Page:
The grasshopper that little bullhead grabbed was impaled on a bent safety pin my father had fashioned into a hook. My folks couldn't afford anything else. If that doesn't convince you I have indeed seen my share of hook changes in the countless decades that have come and gone since that North Dakota Experience I don't know what would.

Gamakatsu Hooks helped cement the companionship I was to enjoy with Jim Ewing, of Longview, Washington. We both did some testing of the new Gamakatsu Hooks before they eventually were brought to market.

Actually, the biggest single change I've ever seen in the production of hooks wasn't as far back as you might expect. As far as I'm concerned it came about when some brand new hooks were brought into the United States for the first time.

There had been other changes since I'd used that safety pin hook, of course, but 1983 was when hooks bearing the name "Gamakatsu" first came onto the angling scene here in the United States. As far as I'm concerned that was the most significant and meaningful hook change I ever saw happen.

I'd actually had a chance to do some test fishing with early samples of these new hooks before they were ever brought to market. They were the sharpest darn things I'd ever tied to a leader but some of the early samples I'd tested had a tendency to bend too easily.

I suppose an experience I'd had not too long before testing those samples hooks influenced my thinking a bit. I'd wound up losing one of the biggest bass I'd ever hooked on my home lake. I'd been fishing heavy pad cover with a pork chunk on a 4/0 hook when that big bass smashed it.

I hooked that fish solidly, but then it took off and went ripping away through the pads. I did my best to slow it down. That whopper kept right on going and bent that 4/0 hook almost straight out in the process.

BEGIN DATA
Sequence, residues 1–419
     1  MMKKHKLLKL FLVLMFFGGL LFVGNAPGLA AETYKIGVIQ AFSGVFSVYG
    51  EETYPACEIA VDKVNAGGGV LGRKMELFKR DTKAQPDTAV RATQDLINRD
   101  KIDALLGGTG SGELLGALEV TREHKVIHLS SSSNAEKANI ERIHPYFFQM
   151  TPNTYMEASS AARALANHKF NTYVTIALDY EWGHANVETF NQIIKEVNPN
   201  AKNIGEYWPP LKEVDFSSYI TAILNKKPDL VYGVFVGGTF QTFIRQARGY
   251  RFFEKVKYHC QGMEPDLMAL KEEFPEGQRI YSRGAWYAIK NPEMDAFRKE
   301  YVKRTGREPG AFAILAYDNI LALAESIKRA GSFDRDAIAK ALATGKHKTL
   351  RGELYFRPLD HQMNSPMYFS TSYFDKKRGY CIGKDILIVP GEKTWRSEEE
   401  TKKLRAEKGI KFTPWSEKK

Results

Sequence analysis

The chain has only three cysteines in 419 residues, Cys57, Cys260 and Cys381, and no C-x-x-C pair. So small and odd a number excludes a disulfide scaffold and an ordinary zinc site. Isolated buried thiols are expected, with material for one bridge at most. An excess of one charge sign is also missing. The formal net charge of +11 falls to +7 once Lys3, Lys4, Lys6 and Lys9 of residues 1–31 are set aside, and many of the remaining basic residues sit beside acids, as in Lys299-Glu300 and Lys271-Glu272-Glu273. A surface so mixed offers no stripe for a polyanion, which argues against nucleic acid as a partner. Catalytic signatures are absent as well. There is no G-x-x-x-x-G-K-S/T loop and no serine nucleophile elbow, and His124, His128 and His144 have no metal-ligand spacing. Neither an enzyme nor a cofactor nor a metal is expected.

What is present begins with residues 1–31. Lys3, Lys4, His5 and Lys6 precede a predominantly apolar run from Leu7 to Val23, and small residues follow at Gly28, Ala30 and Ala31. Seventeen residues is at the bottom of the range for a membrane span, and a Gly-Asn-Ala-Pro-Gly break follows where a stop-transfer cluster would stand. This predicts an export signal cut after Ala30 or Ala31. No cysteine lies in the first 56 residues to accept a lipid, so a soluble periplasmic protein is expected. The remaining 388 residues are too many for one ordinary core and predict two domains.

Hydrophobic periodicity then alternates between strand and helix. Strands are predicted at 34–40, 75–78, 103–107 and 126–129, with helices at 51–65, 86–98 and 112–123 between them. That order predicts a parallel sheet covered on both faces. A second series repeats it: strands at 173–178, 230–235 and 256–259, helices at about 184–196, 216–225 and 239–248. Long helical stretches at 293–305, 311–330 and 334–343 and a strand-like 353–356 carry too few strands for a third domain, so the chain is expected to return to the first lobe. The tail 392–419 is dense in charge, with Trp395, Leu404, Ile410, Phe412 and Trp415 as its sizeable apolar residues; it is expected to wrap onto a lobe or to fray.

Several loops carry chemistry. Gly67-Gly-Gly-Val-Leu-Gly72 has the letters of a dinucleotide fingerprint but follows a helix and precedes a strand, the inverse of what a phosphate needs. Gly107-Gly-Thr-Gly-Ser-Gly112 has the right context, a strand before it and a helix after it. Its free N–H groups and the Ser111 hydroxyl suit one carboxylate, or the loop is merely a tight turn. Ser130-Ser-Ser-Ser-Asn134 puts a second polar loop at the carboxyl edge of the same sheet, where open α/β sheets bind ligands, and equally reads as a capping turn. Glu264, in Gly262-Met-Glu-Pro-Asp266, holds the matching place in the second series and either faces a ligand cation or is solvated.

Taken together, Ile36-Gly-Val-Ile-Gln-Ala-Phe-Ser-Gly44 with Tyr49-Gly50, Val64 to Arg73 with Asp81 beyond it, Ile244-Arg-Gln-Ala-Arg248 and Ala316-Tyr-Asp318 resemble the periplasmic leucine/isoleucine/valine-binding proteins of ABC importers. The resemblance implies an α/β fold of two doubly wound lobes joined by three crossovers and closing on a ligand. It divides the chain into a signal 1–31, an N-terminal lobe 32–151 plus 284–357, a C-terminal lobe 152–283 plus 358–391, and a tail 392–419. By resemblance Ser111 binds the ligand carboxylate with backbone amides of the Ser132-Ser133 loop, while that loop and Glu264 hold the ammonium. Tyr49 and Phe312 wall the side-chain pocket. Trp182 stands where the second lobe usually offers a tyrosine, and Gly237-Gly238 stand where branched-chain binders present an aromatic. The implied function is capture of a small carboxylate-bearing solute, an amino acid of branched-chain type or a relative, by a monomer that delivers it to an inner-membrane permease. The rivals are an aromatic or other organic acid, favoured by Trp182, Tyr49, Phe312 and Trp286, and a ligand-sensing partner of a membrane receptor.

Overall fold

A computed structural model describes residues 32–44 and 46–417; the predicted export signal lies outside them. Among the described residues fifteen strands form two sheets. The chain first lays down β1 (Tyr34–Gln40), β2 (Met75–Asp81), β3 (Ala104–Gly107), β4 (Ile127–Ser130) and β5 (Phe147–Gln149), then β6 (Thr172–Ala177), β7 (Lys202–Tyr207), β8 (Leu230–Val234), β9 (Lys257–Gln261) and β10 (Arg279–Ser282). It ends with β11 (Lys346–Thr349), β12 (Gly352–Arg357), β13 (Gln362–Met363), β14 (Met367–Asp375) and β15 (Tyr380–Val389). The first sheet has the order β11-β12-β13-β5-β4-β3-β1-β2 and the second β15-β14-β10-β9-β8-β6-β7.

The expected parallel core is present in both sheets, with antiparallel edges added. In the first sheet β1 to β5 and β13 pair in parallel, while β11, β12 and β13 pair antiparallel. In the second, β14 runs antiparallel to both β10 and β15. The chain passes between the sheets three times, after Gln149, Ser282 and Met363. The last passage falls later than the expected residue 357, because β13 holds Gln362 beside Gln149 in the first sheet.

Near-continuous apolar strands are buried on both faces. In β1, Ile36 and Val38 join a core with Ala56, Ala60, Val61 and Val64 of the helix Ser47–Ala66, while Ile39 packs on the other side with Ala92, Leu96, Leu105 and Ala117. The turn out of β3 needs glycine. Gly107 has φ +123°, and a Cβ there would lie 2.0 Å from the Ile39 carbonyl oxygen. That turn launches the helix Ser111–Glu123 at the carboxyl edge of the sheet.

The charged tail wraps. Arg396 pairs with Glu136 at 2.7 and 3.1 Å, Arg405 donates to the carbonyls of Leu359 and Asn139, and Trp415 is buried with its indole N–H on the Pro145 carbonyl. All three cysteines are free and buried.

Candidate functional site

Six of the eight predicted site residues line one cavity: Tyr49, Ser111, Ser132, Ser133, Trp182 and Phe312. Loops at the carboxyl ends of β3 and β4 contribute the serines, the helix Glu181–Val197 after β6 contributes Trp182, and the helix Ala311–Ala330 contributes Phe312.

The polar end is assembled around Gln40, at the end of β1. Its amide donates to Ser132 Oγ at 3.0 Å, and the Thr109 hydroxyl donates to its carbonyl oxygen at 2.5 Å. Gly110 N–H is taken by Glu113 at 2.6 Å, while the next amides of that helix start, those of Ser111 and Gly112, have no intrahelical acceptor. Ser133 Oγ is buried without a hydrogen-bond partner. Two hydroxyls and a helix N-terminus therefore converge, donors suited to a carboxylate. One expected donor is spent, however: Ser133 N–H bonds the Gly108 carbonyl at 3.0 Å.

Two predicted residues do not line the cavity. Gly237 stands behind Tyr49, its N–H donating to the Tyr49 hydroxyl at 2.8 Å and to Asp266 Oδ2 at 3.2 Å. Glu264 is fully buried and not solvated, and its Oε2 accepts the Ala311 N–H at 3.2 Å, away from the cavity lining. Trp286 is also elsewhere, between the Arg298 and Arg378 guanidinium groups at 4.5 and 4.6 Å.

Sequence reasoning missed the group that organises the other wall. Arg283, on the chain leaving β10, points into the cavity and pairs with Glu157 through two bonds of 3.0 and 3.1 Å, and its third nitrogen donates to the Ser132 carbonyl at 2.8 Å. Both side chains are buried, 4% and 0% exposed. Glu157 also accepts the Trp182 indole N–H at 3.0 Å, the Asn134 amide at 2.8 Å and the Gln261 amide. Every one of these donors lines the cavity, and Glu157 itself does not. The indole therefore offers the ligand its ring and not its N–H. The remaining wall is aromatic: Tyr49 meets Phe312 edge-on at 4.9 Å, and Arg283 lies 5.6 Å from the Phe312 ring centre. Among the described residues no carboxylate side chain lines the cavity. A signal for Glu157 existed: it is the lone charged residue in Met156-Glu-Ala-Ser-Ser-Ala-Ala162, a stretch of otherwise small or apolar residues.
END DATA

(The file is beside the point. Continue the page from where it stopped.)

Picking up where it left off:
The man who was considering importing these new hooks for the American market was a friend of mine. That hook I'd had that big bass straighten wasn't one of the samples I'd been testing. I had, however, found that a couple of ones I was testing did bend just a tad when I'd hung a snag. I told my friend about my experience.

I've taken thousands of bass and panfish with my Gamakatsu Hooks. Once I got together with Jim Ewing I also started using them to put my share of
steelhead and salmon on the bank or in a boat. Here I slide a nice one up on the shore of Southwest Washington's Toutle River.

I shared my sentiments with him. He was a tad unhappy to hear what I said but he obviously passed my single criticism along because when I got the second batch to try that bending had been totally eliminated. I wound up convinced these new hooks were a whole lot better than anything I'd ever used---bar none.

Remember now, I was using those new sample hooks I was testing mainly for bass and panfish. And this is where my friend Jim Ewing enters the picture.

I was just itchin' to let the readers of my fishing columns know what I thought of those new hooks. At the time Jim was guiding for both steelhead and salmon in the rivers of Southwest Washington.

I'd heard Jim had also been testing the new hooks. As soon as I had a chance I asked him to provide the details of his own experience. I was well aware that few fish put more of a test on hooks that those sleek silvery battlers just in from the Pacific.
Watch for my next column. I'll share what my pal Jim had to say and why we've both been using these Gamakatsu hooks ever since.

-To Be Continued-